Unless we're hunters, we Americans tend not to want to know much about the anatomy of the animals we're eating. Here's all you need to know about the best cuts: Premium steaks include the top loin (New York strip), T-bone (part of the top loin and the tenderloin), porterhouse (a thicker cut similar to the T-bone, but with more of the tenderloin), rib-eye (Delmonico), and tenderloin (filet mignon). The fattiest cuts of meat come from the ribs (rib-eye and Delmonico), while the filet mignon is among the leanest — before you put the pat of butter on top.
Case in Point: Morton's, the Steakhouse At Morton's they take descriptions to the extreme, with a presentation involving a gueridon groaning under the weight of raw things and a half-dead lobster. On the raucous night I dined there, which felt like New Year's Eve, our harried waitress was practically panting as she shoved the food trolley to our table.
The food was as erratic as the service that night. A cocktail of jumbo shrimp came perfectly cooked, but was served with a tooth-achingly sweet sauce. A double-cut filet mignon was well cooked, but the porterhouse's loin side was tough and veiny, with a band of silver fat running along the outside — it was awful. The New York strip au poivre, on the other hand, was excellent. Go figure.
Thou shalt not be disappointed by lackluster décor.
While the Oak Room feels downright regal, it's an exception. Morton's is in a basement and feels like it. Fleming's is a prefab chain. Capital Grille and Abe & Louie's try too hard to look older than they are. Frank's just is. At the end of the day, if the steaks are great, you'll go back. If the steaks stink, who cares if the décor costs millions?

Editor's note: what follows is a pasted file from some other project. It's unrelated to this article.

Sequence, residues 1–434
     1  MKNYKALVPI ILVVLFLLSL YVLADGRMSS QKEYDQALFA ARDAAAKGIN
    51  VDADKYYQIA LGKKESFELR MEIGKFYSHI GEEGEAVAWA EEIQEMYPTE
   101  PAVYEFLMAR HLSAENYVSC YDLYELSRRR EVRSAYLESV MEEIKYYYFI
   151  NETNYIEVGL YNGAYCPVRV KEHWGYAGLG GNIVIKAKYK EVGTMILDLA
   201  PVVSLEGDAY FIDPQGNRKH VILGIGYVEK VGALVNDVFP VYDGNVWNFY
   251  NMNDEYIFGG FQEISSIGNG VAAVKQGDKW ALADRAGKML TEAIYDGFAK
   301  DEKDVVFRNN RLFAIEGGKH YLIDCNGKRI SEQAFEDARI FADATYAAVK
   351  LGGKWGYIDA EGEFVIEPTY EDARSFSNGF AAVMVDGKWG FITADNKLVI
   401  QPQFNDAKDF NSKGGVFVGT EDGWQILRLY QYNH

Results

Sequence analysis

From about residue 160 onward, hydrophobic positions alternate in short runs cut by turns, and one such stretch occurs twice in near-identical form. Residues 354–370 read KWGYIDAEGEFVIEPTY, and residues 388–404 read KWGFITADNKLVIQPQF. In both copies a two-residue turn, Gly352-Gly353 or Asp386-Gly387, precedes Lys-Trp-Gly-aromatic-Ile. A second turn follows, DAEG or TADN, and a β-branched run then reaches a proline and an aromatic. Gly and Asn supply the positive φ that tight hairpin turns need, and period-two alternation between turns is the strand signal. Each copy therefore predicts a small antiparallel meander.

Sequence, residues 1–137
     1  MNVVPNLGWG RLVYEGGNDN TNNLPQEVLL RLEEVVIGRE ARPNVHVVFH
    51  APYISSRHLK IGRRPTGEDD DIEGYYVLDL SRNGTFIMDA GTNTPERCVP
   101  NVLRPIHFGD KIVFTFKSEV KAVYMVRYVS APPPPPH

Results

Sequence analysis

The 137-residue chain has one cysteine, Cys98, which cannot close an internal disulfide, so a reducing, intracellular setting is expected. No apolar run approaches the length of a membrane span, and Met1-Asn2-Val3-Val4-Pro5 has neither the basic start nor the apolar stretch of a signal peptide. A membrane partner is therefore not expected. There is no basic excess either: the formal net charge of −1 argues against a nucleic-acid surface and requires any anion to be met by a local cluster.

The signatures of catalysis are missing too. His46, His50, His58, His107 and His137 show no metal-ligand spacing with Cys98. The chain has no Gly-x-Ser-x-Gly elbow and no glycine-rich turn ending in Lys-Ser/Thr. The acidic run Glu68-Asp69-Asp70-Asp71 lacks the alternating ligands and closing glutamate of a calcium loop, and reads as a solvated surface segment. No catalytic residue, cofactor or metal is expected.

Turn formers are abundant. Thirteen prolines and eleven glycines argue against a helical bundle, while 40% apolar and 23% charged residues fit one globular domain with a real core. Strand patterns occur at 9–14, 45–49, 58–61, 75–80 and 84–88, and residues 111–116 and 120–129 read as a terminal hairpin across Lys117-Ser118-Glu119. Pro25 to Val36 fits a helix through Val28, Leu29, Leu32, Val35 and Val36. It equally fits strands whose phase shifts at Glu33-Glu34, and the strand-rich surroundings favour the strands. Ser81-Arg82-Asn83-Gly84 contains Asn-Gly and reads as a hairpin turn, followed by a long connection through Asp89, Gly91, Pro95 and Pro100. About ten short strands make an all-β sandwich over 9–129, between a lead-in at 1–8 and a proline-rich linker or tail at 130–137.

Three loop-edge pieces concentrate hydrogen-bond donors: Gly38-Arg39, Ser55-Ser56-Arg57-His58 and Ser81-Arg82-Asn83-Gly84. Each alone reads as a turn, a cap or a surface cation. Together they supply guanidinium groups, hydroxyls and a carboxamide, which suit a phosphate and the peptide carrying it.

Case in Point: Frank's Steakhouse Perhaps the only neighborhood joint worthy of inclusion in this group is Frank's, where the scene is straight out of Cheers . I popped in there one night after work and found the bar packed with locals, many of them playing Keno. It was the antithesis of a pickup scene.
Frank's claims to be Boston's oldest steakhouse, established in 1938. You won't find steak tartare on this menu, but rather Hotter than Hell wings. But the steaks are great, which is all that matters. Frank's Famous NY Sizzler Sirloin comes in a cast-iron skillet, cooked rare inside with a great crust outside. Sides include so-so fries and sautéed mushrooms straight out of the can, but I didn't care. It just felt good to be there.
Thou shalt get in and get out.
Just like TV, restaurants have a prime time, which in Boston is between 7 p.m. and 10 p.m. That's when the most people want in, so the battle isn't only to get a table, but also to hold onto it. Most steakhouses try to plow you through dinner so they can reset the table for another seating. When I feel this happening, I like to order a bottle of wine, then lean back in my seat when the waiter offers me a taste so he knows I'll be here until the cows come home just for spite.
Case in Point: Grill 23 & Bar Grill 23 is one of the most attractive restaurants in Boston, but considering it's one of the steakhouse veterans (opened 22 years ago!), I expected a little more pedigree in the service. Our waiter was a mess. He broke the cork in the wine bottle, then left to uncork it out of my sight (a big no-no), and he dropped the check on the table while we were eating dessert. That's when I ordered the extra bottle of wine.